Contrary to popular conception, the main benefits to a country from preferential (or any) trade arrangements come, not from export opportunities (since these cost domestic resources), but from their ability to provide import needs at lower real
resource cost. This is ultimately what can improve a country’s living standards.

Both theoretical and empirical work has highlighted that PTAs can boost trade among members, but this is often at the expense of non-members. So whether it is beneficial overall to join a PTA depends on the cost structures in partner countries, compared with the cost structures in third parties. If a preferential trade arrangement
diverts a country’s imports from a low-cost third party to a higher-cost preferential trade partner, it can be made worse off. Thus, the best chance a country has to gain from preferential trading arrangements would be to choose a trading partner with the lowest (quality-adjusted) costs. But then the economic rationale for liberalising
preferentially, rather than unilaterally across-the-board, is lost.

The theoretical literature reviewed in this paper has always noted the possibility of losses from net trade diversion, and the empirical work undertaken here suggests that this trade outcome is more common than other recent empirical analyses have suggested. The hypothetical (often computable general equilibrium) analyses of PTAs have sometimes made assumptions that have skewed the findings in favour of economically beneficial outcomes.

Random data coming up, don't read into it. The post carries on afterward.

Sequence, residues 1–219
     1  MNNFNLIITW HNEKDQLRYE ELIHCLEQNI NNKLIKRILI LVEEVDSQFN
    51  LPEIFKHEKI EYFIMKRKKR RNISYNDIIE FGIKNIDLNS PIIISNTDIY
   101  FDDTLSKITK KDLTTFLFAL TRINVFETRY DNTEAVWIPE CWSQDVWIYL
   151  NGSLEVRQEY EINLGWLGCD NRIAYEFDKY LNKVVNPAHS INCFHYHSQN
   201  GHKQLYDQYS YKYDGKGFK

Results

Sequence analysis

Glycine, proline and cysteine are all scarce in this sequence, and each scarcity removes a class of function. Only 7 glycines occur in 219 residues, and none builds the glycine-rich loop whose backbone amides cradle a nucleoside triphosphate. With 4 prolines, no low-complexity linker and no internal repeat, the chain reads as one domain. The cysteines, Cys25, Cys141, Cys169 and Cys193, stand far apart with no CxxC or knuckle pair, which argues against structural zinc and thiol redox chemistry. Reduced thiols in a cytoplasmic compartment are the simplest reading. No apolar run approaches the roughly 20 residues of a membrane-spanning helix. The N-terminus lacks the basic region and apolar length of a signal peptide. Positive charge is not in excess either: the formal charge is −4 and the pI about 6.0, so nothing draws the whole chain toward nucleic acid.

So, PTAs are not efficient carriers and conveyors of welfare gains in terms of trade? Well, the story does not quite end here. Consequently, a recent paper by Dean A. DeRosa from the Peterson Institute takes on the study mentioned above and draws a somewhat different conclusion.  

(from the abstract)  

Do preferential trade arrangements (PTAs) create or divert trade? An Australia Productivity Commission study assesses large PTAs such as NAFTA, the European Union, Mercosur, as well as smaller PTAs such as the Andean Group using gravity models and Tobit regressions and suggests that major PTAs are trade diverting while minor PTAs are trade creating. Using an augmented Rose gravity model, the author challenges the APC’s results by first measuring the 20 PTAs in the APC study and then expanding to include nearly 46 PTAs in total. While the author does not fault the APC’s methodology, he concludes that most current PTAs are trade creating and that there is no uniform evidence of trade diversion.

(from the actual paper; PDF!)  

(...) to explore the robustness of the APC study results, the present paper has undertaken an independent empirical analysis of the trade impacts of the same PTAs considered by the APC study and a substantially larger number of current PTAs identified by the WTO. Using a variant of the Rose (2004) gravity model augmented by somewhat more up-to-date data than utilized by the APC study and applying a variety of econometric techniques, inclusive of the Tobit method employed by the APC investigators, the present analysis finds that the majority of PTAs in force today are trade creating rather than trade diverting. This is true not only on an intrabloc basis but also on an overall trade basis. In sum, the present econometric results are diametrically at odds with the APC study findings but nearly squarely in line with most of the gravity model literature on PTAs.

There is room for a some nice term papers here I would say.